Kingdom™ and Bosco, ˜The British federalist tradition™ in F Knipping (ed),
Federal Conceptions in EU Member States (1994).) The political impetus for
the introduction of a federal system of government does not, however, at
present exist in the United Kingdom. The devolutionary projects of 1998 for
Scotland, Wales and Northern Ireland were not designed to refashion the
United Kingdom as a federal state.
(See generally M Burgess and A Gagnon (eds), Comparative Federalism
187 Devolution and the structure of the UK

and Federation (1993); S Rufus Davis, Theory and Reality: Federal Ideas in
Australia, England and Europe (1995); G Smith (ed), Federalism: The Multiethnic
Challenge (1995); J Hesse and V Wright (eds), Federalizing Europe? (1996);
M Fazal, A Federal Constitution for the United Kingdom (1997); J Barnes,
Federal Britain (1998); R Watts, Comparing Federal Systems (2nd edn 1999);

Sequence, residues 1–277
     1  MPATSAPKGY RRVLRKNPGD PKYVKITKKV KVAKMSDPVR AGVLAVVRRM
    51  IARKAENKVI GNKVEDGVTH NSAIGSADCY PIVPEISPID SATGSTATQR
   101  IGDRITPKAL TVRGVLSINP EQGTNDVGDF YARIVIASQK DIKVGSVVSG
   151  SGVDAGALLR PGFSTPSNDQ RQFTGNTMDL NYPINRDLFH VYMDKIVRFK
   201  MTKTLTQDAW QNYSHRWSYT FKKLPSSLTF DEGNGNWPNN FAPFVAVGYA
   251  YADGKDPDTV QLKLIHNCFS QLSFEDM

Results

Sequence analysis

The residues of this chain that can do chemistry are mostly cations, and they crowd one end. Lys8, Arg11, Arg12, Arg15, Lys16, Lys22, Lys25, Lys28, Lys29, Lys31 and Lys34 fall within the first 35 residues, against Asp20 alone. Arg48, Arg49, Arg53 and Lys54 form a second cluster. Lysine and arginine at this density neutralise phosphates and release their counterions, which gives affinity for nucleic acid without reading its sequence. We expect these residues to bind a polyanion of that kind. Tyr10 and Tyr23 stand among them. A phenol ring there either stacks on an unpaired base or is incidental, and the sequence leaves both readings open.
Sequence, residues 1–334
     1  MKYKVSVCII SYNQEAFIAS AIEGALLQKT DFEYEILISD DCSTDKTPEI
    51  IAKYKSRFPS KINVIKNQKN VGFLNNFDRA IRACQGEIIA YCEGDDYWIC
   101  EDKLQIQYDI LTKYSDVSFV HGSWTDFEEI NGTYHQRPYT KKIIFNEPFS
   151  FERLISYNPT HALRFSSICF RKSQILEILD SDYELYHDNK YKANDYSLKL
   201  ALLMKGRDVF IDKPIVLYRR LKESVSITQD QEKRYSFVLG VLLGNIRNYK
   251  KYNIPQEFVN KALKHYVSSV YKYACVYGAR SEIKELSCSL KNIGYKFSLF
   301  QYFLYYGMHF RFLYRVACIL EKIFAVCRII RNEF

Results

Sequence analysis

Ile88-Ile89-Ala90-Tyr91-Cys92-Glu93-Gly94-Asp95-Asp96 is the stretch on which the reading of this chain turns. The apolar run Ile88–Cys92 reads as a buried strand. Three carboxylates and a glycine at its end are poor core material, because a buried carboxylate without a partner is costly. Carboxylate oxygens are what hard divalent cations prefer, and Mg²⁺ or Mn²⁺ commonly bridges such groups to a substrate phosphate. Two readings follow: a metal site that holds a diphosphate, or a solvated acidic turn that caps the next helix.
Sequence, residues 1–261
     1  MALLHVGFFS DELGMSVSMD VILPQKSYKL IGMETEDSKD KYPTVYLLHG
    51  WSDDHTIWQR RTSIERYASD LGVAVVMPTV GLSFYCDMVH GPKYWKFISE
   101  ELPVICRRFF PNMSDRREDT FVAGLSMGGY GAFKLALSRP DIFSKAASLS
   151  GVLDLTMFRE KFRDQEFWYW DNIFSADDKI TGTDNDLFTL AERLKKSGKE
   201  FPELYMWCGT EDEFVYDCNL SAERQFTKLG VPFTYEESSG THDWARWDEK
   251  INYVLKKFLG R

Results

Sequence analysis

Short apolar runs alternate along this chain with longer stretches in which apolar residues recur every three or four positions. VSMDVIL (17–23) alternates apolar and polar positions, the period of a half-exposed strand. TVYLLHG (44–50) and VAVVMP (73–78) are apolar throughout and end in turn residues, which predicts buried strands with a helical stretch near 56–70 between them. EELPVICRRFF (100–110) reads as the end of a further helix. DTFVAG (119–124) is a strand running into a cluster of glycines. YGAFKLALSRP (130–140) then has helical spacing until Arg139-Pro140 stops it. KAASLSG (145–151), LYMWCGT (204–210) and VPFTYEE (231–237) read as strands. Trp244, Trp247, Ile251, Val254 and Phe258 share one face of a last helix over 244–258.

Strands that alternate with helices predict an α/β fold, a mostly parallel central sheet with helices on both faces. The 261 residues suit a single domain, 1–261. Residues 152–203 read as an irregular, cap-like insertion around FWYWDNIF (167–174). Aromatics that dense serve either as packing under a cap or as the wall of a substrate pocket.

Marquand, ˜Federalism and the British: anatomy of a neurosis™ (2006) 77 Political
Quarterly 175.)

(b) Devolution
A system of devolved government applied in Northern Ireland from 1921 to
1972, replaced in the latter year by direct rule from Whitehall. (See below,
pp 228“33.)
The 1974“79 Labour Government launched a scheme for the devolution of
powers to Scotland and Wales. Responding to an upsurge of Scottish and Welsh
nationalism in the 1960s (rather than acting upon a cool appraisal of constitu-
tional de¬ciencies and the need for reform), the Wilson Government initiated
the appointment in 1969 of a Royal Commission on the Constitution:

To examine the present functions of the central legislature and government in relation to the
several countries, nations and regions of the United Kingdom;
to consider, having regard to developments in local government organisation and in the
administrative and other relationships between the various parts of the United Kingdom, and
to the interests of the prosperity and good government of Our people under the Crown,
whether any changes are desirable in those functions or otherwise in present constitutional
and economic relationships.

The Commissioners saw it as their main concern to investigate the case for
˜devolution™ of governmental functions to new institutions in the countries and
regions of the United Kingdom (Kilbrandon Report, paras 12“19).